NEW YORK, OCT. 19, 2010 (Zenit.org).- The Holy See is acknowledging the efforts, particularly by African leaders, to combat malaria, and is underlining the need to eradicate this disease.
Archbishop Francis Chullikatt, permanent observer of the Holy See at the United Nations, made this appeal Thursday before the U.N. General Assembly in a meeting on the new economic partnership for Africa’s development.
The meeting focused particularly in the progress made since 2001 in the “Decade to Roll Back Malaria in Developing Countries, particularly in Africa.”
The Holy See delegate affirmed that he is “pleased to see such progress made over the last decade in malaria control efforts.”
“We are heartened by the commitment of the members of [the African Leaders Malaria Alliance] to work together to translate their commitment into greater efforts to eradicate this disease,” he said.
The prelate noted that “malaria takes the lives of nearly 1 million people each year, almost 90% of whom reside in Africa.”
“Approximately 3.3 billion people worldwide remain at risk of malaria,” he added, “resulting in 250 million annual cases, 86% of which occur in Africa.”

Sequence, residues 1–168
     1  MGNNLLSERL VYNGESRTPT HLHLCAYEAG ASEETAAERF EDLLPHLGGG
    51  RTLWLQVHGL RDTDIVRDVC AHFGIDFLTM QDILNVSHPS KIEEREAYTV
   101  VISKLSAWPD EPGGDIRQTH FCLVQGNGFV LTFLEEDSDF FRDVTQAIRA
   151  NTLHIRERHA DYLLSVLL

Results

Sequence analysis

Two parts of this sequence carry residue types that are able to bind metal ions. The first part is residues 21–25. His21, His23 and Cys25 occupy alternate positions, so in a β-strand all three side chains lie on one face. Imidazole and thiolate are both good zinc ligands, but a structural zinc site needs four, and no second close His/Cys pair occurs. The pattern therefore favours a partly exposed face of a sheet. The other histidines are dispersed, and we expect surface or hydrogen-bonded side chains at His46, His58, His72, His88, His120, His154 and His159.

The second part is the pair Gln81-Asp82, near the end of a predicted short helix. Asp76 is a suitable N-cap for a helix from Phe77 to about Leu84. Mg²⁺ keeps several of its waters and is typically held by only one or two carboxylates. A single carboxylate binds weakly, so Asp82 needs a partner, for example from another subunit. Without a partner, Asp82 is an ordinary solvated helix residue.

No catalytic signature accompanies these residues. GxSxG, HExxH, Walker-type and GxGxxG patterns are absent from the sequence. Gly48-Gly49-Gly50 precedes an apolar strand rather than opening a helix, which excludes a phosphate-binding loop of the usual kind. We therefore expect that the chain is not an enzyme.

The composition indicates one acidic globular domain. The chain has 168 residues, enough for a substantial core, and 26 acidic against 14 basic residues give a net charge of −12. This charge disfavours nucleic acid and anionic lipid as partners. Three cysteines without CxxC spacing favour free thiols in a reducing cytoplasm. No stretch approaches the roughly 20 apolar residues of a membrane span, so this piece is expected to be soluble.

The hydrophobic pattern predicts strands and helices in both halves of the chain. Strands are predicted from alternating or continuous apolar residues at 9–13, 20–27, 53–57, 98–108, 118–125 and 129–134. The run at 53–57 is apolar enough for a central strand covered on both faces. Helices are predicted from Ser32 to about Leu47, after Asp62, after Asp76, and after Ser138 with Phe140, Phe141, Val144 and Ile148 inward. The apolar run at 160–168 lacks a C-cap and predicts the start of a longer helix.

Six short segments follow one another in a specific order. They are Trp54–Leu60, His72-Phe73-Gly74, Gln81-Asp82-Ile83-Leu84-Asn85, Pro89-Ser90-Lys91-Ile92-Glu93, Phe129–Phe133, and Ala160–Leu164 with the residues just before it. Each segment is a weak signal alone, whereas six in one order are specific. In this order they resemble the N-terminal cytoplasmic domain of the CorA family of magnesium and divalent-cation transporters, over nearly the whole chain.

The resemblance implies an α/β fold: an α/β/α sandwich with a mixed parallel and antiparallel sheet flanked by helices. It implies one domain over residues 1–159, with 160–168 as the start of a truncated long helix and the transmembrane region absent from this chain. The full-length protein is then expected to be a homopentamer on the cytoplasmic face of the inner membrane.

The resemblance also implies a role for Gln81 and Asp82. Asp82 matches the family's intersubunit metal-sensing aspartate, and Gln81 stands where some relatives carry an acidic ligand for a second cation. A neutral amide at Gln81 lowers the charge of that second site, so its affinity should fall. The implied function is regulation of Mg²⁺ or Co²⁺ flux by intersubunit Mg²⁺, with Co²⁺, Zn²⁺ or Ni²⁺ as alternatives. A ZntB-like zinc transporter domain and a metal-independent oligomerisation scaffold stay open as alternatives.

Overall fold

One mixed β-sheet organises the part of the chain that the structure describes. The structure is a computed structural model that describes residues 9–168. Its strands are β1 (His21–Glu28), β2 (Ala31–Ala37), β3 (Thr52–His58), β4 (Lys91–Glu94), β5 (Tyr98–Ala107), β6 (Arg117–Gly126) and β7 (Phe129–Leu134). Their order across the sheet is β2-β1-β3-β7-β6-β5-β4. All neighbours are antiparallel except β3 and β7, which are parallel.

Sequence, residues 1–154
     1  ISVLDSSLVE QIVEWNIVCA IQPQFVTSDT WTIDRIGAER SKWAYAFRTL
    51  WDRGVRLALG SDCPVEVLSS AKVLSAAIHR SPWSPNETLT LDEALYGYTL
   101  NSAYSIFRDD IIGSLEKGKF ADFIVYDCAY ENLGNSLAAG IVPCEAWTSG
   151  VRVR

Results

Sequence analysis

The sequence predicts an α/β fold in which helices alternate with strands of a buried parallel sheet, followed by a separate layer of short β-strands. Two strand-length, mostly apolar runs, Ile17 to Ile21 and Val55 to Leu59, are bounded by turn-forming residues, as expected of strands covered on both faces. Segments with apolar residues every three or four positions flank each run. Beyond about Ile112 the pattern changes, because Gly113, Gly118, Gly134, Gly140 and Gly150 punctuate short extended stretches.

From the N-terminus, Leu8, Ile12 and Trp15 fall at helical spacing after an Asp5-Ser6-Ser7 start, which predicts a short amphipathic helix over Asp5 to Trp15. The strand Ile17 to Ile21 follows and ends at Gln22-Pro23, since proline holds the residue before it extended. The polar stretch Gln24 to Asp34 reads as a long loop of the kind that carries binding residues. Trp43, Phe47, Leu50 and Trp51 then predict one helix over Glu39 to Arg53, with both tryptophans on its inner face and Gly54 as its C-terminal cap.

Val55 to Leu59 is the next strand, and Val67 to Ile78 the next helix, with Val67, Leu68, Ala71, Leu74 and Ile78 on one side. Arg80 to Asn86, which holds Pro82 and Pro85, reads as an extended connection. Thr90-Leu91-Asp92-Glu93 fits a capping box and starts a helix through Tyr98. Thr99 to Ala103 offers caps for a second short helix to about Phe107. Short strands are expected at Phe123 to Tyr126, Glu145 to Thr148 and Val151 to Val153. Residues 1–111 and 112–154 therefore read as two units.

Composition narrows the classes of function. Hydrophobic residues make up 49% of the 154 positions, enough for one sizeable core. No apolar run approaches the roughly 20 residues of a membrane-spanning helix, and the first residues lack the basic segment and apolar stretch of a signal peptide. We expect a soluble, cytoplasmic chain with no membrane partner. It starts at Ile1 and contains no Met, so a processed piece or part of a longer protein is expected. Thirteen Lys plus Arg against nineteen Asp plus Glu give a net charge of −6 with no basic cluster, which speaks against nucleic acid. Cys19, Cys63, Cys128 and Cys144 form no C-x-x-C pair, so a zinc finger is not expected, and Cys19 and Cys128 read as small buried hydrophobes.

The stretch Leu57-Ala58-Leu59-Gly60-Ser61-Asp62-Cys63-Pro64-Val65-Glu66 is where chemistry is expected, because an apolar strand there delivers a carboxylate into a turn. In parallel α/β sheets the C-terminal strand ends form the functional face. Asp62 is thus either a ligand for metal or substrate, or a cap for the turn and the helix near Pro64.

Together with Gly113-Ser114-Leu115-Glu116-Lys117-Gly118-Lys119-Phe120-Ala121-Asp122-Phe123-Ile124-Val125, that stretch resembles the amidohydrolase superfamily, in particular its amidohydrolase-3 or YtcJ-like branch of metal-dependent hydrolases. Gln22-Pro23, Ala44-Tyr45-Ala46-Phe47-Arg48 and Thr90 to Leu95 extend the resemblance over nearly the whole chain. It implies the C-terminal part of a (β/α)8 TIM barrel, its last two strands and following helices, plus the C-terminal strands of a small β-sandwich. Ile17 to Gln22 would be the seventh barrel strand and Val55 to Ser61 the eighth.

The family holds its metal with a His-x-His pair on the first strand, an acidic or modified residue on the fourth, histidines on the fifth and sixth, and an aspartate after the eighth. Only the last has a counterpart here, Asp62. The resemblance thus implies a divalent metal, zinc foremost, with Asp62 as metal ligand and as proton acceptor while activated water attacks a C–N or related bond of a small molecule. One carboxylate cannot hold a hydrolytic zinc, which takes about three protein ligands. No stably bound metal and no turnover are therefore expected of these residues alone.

The archbishop stated, “Resources must continue to be allocated to ongoing research into developing safe and cost-efficient vaccines as well as medicines to treat those who are infected.”
He also underlined the “provision of reliable information on malaria to decision-makers at household, community, district and national levels, enabling them to take appropriate control and surveillance strategies.”
Archbishop Chullikatt highlighted the work of “numerous individuals in Catholic health care working on the front lines in countries in Africa to assist those suffering from malaria.”
“The selfless service of these individuals as well as so many others demonstrates their commitment to the wellbeing of the human family, especially those who are suffering,” he affirmed.
The prelate pointed out that “these organizations not only provide resources and technical skills necessary to assist those affected by malaria but also have worked to foster greater development throughout Africa.”
“With education, infrastructure and health care programs, often times in the poorest and most vulnerable communities,” he said, “these organizations are vital partners for the long-term development of Africa.”
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